5

How can I automatically source a particular shell script when I open a terminal window by right clicking somewhere and choosing "open in terminal"?

For example, every time I open a terminal I need to run the following command line:

source myscript

How can I make it so that I don't have to type this automatically?

My script is written in tsch:

#!/bin/tcsh
setenv DISPLAY 127.0.0.1:10.0
cd /ast/dcm/data

I'm using CentOS 7.

  • Every time you open a terminal window or every time you open one by choosing "open in terminal"? The two are probably not the same. What does "open in terminal" do? What file manager are you using? What desktop environment? Is this something you do to open directories or to show the contents of files or to run scripts or what? Also, what is your default shell? Your script is tcsh, is that what you use in general? – terdon Apr 3 '15 at 15:45
  • @terdon. Thank you. If I right click on the desktop for example and my script on the desktop I need everytime to source my script. My question is: Can I source this script automatically when I open the terminal window from the desktop? – user88036 Apr 3 '15 at 15:58
  • Yes, probably, but to tell you how, I'll need the answers to my previous questions. The simplest approach would be to add source ~/myscript to ~/.bashrc now that I see you've changed it to bash. I'm just not sure what happens when you use this "open in terminal" option. I don't use GUI file managers and you haven't told us which one you are running so it's hard to know. – terdon Apr 3 '15 at 16:00
  • I am using File explorer as a file manager and I changed it to bash because it was a mistake. I am sourcing bash script. My desktop env. is Genome – user88036 Apr 3 '15 at 16:03
  • 3
    That's a tcsh script but you talk about bash. Are you running bash or tcsh? – Gilles Apr 3 '15 at 22:08
5

I'm not entirely sure how this works with your file manager but, presumably, "open in terminal" is something you use on directories and it just opens a terminal window at that location. If so, it should be enough to source your script from the initialization file for interactive, non-login shells. If you are using bash, that is ~/.bashrc and you need to edit that file and add this line to it:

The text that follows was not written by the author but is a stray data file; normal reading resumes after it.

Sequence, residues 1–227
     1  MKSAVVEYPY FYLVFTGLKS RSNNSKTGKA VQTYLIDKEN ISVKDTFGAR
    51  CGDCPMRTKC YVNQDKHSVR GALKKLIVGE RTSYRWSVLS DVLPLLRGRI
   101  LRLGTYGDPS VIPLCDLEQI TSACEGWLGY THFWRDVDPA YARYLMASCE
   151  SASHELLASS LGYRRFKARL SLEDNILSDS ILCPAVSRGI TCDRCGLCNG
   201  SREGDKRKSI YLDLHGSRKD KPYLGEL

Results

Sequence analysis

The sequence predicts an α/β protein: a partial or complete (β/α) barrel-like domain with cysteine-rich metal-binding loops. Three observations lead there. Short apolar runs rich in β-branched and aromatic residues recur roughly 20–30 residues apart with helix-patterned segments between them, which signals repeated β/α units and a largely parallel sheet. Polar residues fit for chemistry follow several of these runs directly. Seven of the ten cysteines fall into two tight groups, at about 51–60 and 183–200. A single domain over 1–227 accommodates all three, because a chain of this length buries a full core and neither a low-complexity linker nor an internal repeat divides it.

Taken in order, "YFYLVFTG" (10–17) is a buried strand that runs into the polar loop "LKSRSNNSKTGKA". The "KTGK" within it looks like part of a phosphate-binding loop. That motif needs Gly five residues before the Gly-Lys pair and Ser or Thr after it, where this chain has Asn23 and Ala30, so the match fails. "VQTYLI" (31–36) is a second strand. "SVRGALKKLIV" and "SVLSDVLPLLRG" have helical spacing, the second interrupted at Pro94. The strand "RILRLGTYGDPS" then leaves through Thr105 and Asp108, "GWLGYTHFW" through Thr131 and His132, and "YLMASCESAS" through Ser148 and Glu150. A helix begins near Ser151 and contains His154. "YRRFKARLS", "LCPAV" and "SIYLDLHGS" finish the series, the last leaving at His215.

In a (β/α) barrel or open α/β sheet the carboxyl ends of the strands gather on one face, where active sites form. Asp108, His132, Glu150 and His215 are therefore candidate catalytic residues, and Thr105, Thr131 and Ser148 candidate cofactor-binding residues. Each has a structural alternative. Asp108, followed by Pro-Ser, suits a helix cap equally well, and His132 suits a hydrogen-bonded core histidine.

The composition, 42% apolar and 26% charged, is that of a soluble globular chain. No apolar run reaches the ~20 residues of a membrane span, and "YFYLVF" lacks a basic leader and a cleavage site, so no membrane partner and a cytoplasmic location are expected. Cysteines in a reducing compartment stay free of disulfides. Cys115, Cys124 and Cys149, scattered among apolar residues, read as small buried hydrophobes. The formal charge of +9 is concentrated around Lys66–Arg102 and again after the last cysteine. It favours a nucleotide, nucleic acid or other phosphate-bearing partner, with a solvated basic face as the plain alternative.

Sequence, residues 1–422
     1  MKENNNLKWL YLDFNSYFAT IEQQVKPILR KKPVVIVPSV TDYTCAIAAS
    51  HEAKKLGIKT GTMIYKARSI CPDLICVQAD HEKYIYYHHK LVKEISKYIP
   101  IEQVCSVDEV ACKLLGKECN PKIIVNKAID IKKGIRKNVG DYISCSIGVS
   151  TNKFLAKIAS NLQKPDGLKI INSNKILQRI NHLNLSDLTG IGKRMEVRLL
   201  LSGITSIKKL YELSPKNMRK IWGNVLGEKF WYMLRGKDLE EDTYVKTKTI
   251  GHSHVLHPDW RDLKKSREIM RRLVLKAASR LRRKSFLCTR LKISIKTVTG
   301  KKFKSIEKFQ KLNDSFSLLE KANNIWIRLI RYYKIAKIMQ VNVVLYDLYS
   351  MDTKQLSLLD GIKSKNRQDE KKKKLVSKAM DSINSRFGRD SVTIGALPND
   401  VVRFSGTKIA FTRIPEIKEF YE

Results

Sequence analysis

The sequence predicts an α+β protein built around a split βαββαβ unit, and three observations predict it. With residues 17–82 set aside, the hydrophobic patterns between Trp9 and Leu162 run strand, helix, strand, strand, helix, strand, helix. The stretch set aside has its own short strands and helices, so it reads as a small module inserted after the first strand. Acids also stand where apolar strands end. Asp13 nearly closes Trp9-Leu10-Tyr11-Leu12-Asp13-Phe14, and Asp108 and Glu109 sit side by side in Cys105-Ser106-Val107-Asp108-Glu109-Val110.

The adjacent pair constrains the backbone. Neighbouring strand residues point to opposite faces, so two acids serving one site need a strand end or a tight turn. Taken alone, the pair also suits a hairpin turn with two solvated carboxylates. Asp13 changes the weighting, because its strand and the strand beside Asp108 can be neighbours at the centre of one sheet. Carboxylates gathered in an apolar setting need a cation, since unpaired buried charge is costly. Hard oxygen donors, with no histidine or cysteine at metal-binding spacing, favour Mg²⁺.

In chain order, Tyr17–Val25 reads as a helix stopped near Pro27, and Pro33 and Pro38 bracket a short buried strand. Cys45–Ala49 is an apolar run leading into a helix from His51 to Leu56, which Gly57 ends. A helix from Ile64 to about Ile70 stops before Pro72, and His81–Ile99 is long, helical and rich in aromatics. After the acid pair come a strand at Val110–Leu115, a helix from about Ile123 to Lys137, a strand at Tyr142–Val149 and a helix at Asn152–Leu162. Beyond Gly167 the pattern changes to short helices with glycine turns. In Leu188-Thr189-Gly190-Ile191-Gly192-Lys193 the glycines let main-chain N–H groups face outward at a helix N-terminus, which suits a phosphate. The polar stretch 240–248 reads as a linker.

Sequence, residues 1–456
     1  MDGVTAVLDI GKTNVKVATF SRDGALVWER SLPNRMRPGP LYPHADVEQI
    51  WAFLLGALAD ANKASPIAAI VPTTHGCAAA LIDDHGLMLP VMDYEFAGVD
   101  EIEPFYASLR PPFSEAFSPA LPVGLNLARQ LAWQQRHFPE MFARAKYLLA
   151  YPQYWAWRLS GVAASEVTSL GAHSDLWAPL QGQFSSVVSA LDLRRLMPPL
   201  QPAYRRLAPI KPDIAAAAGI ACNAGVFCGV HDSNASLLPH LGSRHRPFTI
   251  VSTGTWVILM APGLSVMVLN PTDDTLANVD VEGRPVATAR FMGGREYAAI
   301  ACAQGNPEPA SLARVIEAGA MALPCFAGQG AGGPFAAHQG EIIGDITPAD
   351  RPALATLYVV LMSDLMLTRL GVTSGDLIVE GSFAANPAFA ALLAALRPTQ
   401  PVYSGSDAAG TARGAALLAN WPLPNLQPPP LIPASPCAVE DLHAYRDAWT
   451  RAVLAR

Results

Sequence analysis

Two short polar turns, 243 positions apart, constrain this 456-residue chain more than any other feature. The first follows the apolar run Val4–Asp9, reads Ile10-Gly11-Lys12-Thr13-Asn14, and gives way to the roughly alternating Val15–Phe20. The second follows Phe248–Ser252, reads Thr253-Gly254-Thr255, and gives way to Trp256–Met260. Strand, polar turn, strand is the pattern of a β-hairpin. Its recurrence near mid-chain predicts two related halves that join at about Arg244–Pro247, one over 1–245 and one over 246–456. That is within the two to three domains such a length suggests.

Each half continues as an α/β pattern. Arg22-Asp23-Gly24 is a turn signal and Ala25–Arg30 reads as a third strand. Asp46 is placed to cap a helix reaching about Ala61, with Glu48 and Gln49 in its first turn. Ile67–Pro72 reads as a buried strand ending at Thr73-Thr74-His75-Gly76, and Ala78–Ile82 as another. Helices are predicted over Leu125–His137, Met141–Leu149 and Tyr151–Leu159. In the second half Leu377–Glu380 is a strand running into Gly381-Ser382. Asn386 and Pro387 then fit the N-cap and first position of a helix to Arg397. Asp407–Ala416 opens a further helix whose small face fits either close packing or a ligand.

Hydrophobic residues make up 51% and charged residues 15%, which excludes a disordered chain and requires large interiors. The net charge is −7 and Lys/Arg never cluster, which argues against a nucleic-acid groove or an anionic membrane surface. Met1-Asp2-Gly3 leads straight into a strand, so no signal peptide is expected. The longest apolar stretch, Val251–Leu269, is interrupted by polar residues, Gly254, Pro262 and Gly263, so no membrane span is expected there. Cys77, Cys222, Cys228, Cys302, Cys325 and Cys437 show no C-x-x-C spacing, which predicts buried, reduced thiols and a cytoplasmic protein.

. ~/myscript

That assumes that myscript is in your ~/. Now, each time a new shell is started, including when a new terminal is opened, that file will be sourced.


Note, however, that the script you show is not a bash script. There is no setenv command in bash, that's a C-shell thing. The bash equivalent would be:

#!/bin/bash
export DISPLAY=127.0.0.1:10.0
cd /ast/dcm/data
  • Thank you very much for your help. Kindly do you mean that my script sould be like this #!/bin/bash . ~/myscript setenv DISPLAY 127.0.0.1:10.0 cd /ast/dcm/data – user88036 Apr 3 '15 at 16:23
  • @MJA I don't understand what you mean. Your script should be exactly as it is. Just put the . /path/to/script.sh command in your ~/.bashrc. – terdon Apr 3 '15 at 16:25
  • Also in terminal ===> edit menu ===> profiles preferences ===> title an command tab ===> run a custom command instead of my shel ===> I tried to type source myscript but it did not work? – user88036 Apr 3 '15 at 16:26
  • @MJA you need to add that line to the ~/.bashrc file. Come visit the Unix & Linux Chat room if it's still giving you trouble. – terdon Apr 3 '15 at 16:27
-1

In your home Directory :
run ls -a -l

  • You will see the complete directory structure including the hidden files
  • check if there is any file named .bash_profile
  • if no .bash_profile

    • create a .bash_profile (touch .bash_profile)
  • vi .bash_profile

  • Insert your script in the .bash_profile--

    #!/bin/tcsh
    setenv DISPLAY 127.0.0.1:10.0
    cd /ast/dcm/data
    

If you script is right ,when ever you open your terminal and is in the path, where you have created the .bash_profile ,your script will run automatically.

Note:This is LINUX and CentOS

  • 1
    a tcsh header line in a .bash_profile? – Jeff Schaller Sep 27 '16 at 18:31

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